you are absolutely right, those who favor the right to die ought to favor it on an equal basis for those on death row. i certainly believe that those on death row should, under certain circumstances, be entitled to drugs in order to end their life. but whatever one thinks about that act, it is not an execution.

i suppose some believe that the right to die "implicates us all" in some general sense. but surely there is a fundamental difference between (a) an act that the state allows (and perhaps should prohibit) and (b) an act that the state itself performs. the state allowing or prohibiting self-killing, whatever one thinks about it, is not the same thing as the state itself killing, whatever one thinks about it. am i wrong to think that this is a rather significant distinction?

last october when michael johnson stabbed himself to death just hours before the was to be executed by the state of texas, i interpreted it as a sad but courageous act of personal liberation. but again, however one interprets that act, surely it was not an execution.

Posted by: dm | Jan 21, 2007 6:46:45 PM

xxx-MOVIES xxx-MOVIES xxx-MOVIES xxx-MOVIES xxx-MOVIES xxx-MOVIES xxx-MOVIES xxx-MOVIES xxx-MOVIES xxx-MOVIES xxx-MOVIES xxx-MOVIES xxx-MOVIES xxx-MOVIES xxx-MOVIES xxx-MOVIES xxx-MOVIES xxx-MOVIES xxx-MOVIES xxx-MOVIES xxx-MOVIES xxx-MOVIES xxx-MOVIES xxx-MOVIES xxx-MOVIES xxx-MOVIES xxx-MOVIES xxx-MOVIES xxx-MOVIES xxx-MOVIES xxx-MOVIES xxx-MOVIES xxx-MOVIES xxx-MOVIES xxx-MOVIES xxx-MOVIES xxx-MOVIES xxx-MOVIES xxx-MOVIES xxx-MOVIES xxx-MOVIES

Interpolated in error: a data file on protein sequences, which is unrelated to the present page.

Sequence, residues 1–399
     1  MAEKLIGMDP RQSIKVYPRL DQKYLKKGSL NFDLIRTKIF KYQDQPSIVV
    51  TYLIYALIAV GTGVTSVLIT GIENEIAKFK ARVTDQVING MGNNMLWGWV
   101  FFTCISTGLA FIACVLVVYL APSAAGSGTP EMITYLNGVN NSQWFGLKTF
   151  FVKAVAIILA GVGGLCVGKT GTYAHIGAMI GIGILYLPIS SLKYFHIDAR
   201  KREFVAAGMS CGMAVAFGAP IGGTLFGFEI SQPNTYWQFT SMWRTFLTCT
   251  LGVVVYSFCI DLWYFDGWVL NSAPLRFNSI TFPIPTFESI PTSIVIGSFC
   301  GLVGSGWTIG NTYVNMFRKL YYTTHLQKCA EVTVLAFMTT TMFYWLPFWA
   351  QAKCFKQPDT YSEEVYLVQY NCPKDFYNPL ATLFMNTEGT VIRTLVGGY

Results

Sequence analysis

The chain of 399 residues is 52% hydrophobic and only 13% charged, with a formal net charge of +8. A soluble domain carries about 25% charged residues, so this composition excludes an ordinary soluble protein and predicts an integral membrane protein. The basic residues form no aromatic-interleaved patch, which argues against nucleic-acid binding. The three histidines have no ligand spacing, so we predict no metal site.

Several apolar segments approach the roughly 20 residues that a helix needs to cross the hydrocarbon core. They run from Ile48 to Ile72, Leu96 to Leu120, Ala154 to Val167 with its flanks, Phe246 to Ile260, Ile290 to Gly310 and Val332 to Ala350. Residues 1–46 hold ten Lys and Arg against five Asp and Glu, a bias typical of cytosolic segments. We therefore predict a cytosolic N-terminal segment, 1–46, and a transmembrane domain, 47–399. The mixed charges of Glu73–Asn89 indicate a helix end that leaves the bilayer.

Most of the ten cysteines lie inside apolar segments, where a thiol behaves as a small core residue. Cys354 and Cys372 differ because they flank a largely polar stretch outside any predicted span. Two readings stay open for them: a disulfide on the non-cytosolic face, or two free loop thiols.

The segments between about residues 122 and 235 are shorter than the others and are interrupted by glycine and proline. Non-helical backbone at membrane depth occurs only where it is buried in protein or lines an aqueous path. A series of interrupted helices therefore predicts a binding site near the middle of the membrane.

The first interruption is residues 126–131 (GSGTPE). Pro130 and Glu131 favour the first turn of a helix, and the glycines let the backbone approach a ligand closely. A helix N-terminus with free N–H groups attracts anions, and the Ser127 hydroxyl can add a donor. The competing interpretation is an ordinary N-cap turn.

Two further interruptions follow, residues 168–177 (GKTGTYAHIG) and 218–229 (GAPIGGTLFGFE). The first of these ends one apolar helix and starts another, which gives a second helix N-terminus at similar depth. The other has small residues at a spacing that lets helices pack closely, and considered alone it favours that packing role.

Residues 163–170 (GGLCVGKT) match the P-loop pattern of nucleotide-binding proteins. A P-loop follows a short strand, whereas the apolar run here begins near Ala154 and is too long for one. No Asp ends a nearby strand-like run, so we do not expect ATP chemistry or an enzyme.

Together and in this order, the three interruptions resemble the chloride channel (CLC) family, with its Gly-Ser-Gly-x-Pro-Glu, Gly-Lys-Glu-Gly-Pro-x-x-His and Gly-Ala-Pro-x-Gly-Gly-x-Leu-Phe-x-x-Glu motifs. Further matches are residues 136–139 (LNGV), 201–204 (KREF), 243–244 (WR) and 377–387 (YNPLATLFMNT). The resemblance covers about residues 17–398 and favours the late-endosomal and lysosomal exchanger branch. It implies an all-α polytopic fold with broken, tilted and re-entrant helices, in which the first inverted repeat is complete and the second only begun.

Posted by: DFDF | Jul 29, 2007 1:11:22 AM

odalys garcia desnuda vaginal insertion torture <a href=http://www.pressreleasepoint.com/user/decideklufc>gary roberts comix</a> . <a href="http://www.pressreleasepoint.com/user/decideklufc">gary roberts comix</a> . . <a href=http://www.pressreleasepoint.com/user/exportationuion>free music downloads</a> . <a href="http://www.pressreleasepoint.com/user/exportationuion">free music downloads

Posted by: twelfthytcemo | Mar 18, 2009 6:08:35 PM

Post a comment

In the body of your email, please indicate if you are a professor, student, prosecutor, defense attorney, etc. so I can gain a sense of who is reading my blog. Thank you, DAB